This is your brain on drugs

0
Wikimedia Commons

Some recent research out of Ontario, Canada, may have sussed out why marijuana produces such a pleasant experience for some while creating negative sensations for others. 

A team from Western University, led by neuroscientist Steven Laviolette and post-doctoral fellow Christopher Norris from the Schulich School of Medicine and Dentistry, mapped how different regions of the brain produce vastly different responses to marijuana. Their research was published in Scientific Reports (an online open access journal from the publishers of the renowned journal Nature) on July 5. 

For some folks, pot produces feelings of euphoria — a highly rewarding feeling that may lead to dependence — but for others, marijuana use leads to paranoia, cognitive problems or even an increased risk for developing schizophrenia. 

Research on rat brains showed that THC — the primary active compound in marijuana — can produce highly rewarding effects in a region of the brain called the nucleus accumbens. The nucleus accumbens is one part of the reward circuit in the human brain, helping to process rewarding stimuli that keeps us alive (like food and water) and less healthy stimuli like addictive drugs. Likewise, the nucleus accumbens plays a role in aversion. 

The blog Neuroscientifically Challenged breaks it down well:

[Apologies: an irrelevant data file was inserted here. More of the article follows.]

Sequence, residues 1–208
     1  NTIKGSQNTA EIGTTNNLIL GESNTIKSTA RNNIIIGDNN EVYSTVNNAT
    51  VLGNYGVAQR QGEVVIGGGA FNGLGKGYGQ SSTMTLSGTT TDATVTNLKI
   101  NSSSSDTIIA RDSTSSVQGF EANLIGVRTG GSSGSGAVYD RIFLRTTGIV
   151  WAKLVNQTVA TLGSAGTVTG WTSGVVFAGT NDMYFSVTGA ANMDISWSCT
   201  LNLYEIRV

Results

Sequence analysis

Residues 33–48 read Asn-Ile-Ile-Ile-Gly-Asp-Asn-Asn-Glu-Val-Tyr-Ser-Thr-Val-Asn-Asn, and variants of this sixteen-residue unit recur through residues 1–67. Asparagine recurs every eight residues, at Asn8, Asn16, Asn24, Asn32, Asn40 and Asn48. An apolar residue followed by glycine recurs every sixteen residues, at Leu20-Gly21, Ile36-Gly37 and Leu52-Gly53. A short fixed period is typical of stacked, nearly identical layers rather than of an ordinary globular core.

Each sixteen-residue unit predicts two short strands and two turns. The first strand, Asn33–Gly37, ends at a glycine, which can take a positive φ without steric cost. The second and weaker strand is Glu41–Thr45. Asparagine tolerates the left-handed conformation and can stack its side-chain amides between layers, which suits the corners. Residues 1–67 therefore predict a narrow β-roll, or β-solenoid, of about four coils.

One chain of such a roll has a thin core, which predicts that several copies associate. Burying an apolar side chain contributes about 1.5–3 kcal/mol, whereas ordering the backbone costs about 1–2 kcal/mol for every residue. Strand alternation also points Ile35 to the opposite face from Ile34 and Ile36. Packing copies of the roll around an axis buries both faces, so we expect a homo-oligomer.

“When we do anything that is considered rewarding (e.g. eat food, have sex, take drugs), dopamine neurons (along with other types of neurons) in an area of the brain called the ventral tegmental area (VTA) are activated. These neurons project to the nucleus accumbens, and when they are activated it results in an increase in dopamine levels in the nucleus accumbens. The nucleus accumbens is an important component of a major dopaminergic pathway in the brain called the mesolimbic pathway, which is stimulated during rewarding experiences.”

But Laviolette’s team saw that in some people’s brains, THC had an effect on a different part of the nucleus accumbens (the posterior part of it), producing highly adverse effects, “including schizophrenia-related cognitive and emotional symptoms and nerve cell activity similar to individuals with the psychiatric disorder,” according to the The London Free Press

So someone’s response to pot, according to this research, depends on what specific area of their nucleus accumbens is more sensitive to THC. 

“Until now, it was unknown which specific regions of the brain were responsible for these highly divergent effects of marijuana,” Laviolette told the website Medical Xpress. 

Researchers also found that THC in this region of the brain amplified the addictive properties of drugs like morphine and increased reward-related activity patterns in the neurons — which could explain why some folks develop a psychological dependence on pot, despite any research indicating marijuana can produce physical dependence.

“Our data indicates that because the reward and aversion are produced by anatomically distinct areas, the different effects between individuals is likely due to genetic variation leading to differential sensitivity of each area,” post-doctoral fellow Norris told The London Free Press. 

A lot of the research conducted in Laviolette’s laboratory has centered on identifying the way cannabis-derived chemicals could treat specific mental health disorders including schizophrenia, addiction, depression and anxiety. Ontario-based CanaQuest Medical Corp recently filed two provisional patents that stem from research done in Laviolette’s lab. These patents cover a formulation using THC and a botanical extract to treat various psychiatric disorders, while eliminating negative side effects associated with THC (read: it won’t get you high).